Weekend Work: The ABC of pruning

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The Independent Online

This is an important time for pruning, particularly those shrubs that flowered in the second half of last summer, or which produce coloured stems for winter effect. It's important also to know which shrubs NOT to cut back. The all-over barbered look is no more suitable for gardens than it is for men.

Abelia Cut out any branches that have died back or been damaged in winter. Make the cut just above a new green shoot. On overgrown bushes, thin out some of the old wood.

Abies No regular pruning is required but you must not let the tree develop a forked top with two leading shoots. Where this has happened, cut off one of the pair of leaders as close to the main trunk as you can.

Abutilon On outdoor plants, cut back any dead or damaged shoots. Conservatory plants need tougher treatment. Cut back the main branches by half and reduce all the laterals to about 10cm (4in).

Berberis No regular pruning is necessary, but cut back long straggly growths. To rejuvenate old specimens, take out one or two stems at ground level each year.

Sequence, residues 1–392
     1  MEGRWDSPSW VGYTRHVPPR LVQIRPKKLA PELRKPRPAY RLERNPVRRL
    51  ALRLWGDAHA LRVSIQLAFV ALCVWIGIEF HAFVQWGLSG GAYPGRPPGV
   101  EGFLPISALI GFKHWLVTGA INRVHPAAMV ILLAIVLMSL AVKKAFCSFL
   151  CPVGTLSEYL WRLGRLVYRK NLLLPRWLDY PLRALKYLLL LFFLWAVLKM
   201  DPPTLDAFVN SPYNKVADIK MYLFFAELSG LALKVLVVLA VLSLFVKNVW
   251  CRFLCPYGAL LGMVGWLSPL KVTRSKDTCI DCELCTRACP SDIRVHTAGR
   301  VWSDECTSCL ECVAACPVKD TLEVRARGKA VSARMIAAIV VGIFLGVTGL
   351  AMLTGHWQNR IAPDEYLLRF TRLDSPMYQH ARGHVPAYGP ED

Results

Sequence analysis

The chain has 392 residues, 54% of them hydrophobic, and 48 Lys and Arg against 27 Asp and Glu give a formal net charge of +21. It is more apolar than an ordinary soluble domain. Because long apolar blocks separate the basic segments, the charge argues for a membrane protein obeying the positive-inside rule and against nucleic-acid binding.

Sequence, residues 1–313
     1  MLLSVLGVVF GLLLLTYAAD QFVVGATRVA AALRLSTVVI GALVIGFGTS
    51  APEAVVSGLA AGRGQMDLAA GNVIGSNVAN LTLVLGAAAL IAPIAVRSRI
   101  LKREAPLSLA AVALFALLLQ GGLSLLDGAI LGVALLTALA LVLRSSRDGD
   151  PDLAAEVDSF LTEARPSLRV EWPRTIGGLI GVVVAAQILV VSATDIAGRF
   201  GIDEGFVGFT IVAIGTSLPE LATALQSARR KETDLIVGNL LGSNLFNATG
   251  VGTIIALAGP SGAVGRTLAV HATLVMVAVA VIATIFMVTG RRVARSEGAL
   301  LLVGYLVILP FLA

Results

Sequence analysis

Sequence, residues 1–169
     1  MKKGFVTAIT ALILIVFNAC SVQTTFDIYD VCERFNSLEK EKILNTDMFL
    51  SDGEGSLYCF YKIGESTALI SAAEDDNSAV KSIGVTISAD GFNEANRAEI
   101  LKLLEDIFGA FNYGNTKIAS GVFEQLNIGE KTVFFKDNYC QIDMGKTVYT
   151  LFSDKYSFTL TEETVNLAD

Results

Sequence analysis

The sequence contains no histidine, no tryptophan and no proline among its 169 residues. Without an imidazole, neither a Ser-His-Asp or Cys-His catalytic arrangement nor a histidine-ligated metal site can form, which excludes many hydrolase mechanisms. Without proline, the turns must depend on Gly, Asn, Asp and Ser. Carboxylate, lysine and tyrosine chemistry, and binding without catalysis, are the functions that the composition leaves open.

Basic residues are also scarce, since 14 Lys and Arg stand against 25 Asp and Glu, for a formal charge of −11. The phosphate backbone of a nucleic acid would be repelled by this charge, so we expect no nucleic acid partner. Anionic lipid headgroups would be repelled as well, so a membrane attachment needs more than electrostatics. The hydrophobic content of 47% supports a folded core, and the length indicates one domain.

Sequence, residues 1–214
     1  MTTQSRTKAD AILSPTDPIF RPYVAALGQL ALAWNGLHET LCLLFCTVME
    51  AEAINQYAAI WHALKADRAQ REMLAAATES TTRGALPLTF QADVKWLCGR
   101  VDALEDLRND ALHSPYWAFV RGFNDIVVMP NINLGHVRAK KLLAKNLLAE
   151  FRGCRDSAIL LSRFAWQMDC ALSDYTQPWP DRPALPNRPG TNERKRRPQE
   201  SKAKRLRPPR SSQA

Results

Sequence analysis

Bougainvillea Best done in February, but if you have forgotten, act now. Shorten main growths by a third and cut back all the laterals close to the base.

Buddleia Cut all growths back to within 8cm (3in) of the old wood.

Campsis Hard prune this rampant climber by cutting back the previous year's growths to within 8cm (3in) of where they started.

Caryopteris Prune strong growth hard back to new buds at the base. Cut out weak growths altogether.

Ceratostigma No regular pruning is required but overgrown or damaged branches can be cut down to the ground now.

What to see

Gilbert White, the 18th-century parson and naturalist used his garden at Selborne in Hampshire as a living laboratory, experimenting with plants and noting the results in a superbly detailed journal. This Wednesday at 6.30pm, David Standing, head gardener at Selborne, talks about White and his work at the Garden History Society, 70 Cowcross St, London EC1, admission £10. For tickets call 020-7490 2974, or see gardenhistorysociety.org.